Microsoft Patch Tuesday targets Internet Explorer drive-by attacks

Internet Explorer vulnerabilities warrant notice in this month's set of Microsoft Patch Tuesday bulletins and need to be fixed quickly even though the sheer number of patches may seem daunting.

The weaknesses leave users open to drive-by attacks where malicious code is downloaded without the user's knowledge while browsing. Not patching them because they are time-consuming will just widen the window of opportunity hackers have to exploit them, says Alex Horan, a senior product manager at CORE Security.

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"Preventing future drive-by style attacks and protecting end-users appear to be the theme of this month's Patch Tuesday," Horan says. "These patches can be a hassle for users to deploy and have the potential to create a long enough delay where hackers can take advantage."

So far the weaknesses haven't been exploited. "Fortunately, this issue has no known attacks in the wild," says Paul Henry, a security and forensic analyst at Lumension. "However, you should still plan to patch this immediately. "

Four of seven bulletins for March are rated critical, with the first addressing browser problems. "It fixes critical vulnerabilities that could be used for machine takeover in all versions of Internet Explorer from 6 to 10, on all platforms including Windows 8 and Windows RT," says Qualys CTO Wolfgang Kandek.

Microsoft's Silverlight media application framework is also critically vulnerable, according to the company's Security Bulletin Advance Notification. It affects Silverlight whether deployed on Windows or Mac OS X operating systems, where it is used to run media applications such as Netflix, Kandek says.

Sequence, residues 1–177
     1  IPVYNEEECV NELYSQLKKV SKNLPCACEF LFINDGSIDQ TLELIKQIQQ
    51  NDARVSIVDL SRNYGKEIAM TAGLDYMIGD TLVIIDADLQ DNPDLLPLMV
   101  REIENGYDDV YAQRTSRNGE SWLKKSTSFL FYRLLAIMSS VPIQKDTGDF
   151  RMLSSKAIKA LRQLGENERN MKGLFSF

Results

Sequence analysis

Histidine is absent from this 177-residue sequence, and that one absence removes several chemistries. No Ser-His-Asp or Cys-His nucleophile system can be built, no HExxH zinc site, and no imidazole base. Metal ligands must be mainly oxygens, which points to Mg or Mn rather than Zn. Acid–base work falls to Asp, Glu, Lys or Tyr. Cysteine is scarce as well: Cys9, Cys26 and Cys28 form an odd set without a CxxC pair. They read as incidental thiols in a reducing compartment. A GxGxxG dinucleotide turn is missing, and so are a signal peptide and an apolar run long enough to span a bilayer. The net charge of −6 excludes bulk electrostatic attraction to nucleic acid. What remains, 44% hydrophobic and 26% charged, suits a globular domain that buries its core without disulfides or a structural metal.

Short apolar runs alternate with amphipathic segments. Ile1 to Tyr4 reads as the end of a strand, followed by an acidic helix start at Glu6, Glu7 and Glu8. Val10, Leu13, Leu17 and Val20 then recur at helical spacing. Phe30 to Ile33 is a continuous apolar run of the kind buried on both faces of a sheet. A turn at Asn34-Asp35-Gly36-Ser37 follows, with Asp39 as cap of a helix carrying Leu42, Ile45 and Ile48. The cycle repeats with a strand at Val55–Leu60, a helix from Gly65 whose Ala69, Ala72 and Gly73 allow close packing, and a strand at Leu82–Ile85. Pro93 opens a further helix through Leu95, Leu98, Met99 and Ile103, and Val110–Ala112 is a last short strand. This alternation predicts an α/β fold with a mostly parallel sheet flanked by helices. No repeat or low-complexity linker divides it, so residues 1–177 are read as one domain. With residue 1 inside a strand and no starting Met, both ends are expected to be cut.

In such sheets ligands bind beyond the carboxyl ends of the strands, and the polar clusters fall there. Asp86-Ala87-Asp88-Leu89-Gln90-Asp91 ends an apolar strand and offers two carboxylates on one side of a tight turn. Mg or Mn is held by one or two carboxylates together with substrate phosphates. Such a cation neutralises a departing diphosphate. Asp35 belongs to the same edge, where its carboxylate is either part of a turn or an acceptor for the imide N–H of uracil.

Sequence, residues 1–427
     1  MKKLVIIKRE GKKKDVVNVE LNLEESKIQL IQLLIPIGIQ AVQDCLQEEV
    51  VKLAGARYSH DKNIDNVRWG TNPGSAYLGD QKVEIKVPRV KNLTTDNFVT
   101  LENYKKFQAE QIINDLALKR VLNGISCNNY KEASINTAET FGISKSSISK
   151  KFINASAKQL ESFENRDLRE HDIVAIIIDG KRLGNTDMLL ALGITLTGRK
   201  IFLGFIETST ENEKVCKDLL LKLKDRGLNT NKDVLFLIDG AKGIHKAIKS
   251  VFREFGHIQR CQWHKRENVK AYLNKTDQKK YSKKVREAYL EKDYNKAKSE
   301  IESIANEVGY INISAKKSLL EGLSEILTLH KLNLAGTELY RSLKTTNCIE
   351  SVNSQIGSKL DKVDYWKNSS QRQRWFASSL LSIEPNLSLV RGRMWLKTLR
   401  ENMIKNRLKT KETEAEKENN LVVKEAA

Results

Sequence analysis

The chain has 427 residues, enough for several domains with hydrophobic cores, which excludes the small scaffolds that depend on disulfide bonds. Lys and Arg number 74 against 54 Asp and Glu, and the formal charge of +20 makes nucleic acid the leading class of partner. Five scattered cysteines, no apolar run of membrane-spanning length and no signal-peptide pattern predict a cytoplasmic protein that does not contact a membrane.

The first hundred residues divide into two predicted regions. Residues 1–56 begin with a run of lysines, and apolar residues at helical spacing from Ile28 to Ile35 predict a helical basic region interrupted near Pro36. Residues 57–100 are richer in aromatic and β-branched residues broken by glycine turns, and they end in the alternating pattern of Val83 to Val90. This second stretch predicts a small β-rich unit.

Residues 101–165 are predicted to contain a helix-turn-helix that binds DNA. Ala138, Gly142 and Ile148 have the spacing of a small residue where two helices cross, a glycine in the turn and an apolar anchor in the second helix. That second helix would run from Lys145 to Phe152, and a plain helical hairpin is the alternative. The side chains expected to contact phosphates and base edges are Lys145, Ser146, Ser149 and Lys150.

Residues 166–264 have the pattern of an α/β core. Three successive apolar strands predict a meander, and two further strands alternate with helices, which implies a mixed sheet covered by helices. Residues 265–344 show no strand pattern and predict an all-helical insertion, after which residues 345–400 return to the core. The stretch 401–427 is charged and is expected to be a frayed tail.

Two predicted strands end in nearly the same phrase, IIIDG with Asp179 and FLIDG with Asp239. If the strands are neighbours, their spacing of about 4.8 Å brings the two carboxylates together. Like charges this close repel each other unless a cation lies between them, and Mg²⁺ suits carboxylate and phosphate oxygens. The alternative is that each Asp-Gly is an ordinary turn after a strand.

This vulnerability is more of concern to consumers because it only affects the Silverlight plug-in. Henry says plug-ins should be avoided in general. "[T]hey add another threat vector and are frequently an easy target for the bad guys," he says.

Also in critical need of patching is Microsoft's drawing application Visio, which comes as a surprise to Kandek. "It is puzzling to see such a high rating for this software that typically requires opening of an infected file in order for the attack to work. It will be interesting to see the attack vector for this vulnerability that warrants the 'critical' rating," he says.

Critical vulnerabilities are those that could allow code execution without user interaction if they are successfully exploited. This type of exploit includes network worms, browsing to infected Web pages or opening infected emails.

The final critical vulnerability lies in SharePoint Server, Microsoft says.

Three of the bulletins are rated important and include two that could allow data to leak and one that could allow attackers to elevate privileges on an exploited machine. Important bulletins include vulnerabilities that could lead to compromised confidentiality, integrity or availability of user data, or of the integrity or availability of processing resources, Microsoft says. Such exploits may include warnings or prompts.

Tim Greene covers Microsoft for Network World and writes the Mostly Microsoft blog. Reach him at and follow him on Twitter @Tim_Greene.

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